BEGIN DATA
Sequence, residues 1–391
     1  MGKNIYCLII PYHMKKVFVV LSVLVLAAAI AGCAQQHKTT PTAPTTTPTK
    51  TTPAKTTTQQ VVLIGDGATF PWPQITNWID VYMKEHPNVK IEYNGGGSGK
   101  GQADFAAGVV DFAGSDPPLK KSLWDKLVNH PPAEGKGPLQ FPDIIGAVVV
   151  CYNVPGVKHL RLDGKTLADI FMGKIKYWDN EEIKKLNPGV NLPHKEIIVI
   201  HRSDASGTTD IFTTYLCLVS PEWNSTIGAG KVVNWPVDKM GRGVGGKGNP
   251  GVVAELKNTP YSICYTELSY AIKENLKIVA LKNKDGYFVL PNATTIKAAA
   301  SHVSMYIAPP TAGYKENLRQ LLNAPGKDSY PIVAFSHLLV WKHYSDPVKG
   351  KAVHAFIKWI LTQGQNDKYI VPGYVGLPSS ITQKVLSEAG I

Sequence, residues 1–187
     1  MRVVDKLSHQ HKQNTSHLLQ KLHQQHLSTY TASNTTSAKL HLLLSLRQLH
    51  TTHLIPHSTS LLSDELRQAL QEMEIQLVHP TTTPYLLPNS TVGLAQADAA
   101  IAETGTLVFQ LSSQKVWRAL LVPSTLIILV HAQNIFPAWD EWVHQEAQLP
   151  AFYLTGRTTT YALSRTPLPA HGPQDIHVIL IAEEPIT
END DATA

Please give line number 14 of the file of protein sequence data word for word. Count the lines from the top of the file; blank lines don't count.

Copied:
   151  AFYLTGRTTT YALSRTPLPA HGPQDIHVIL IAEEPIT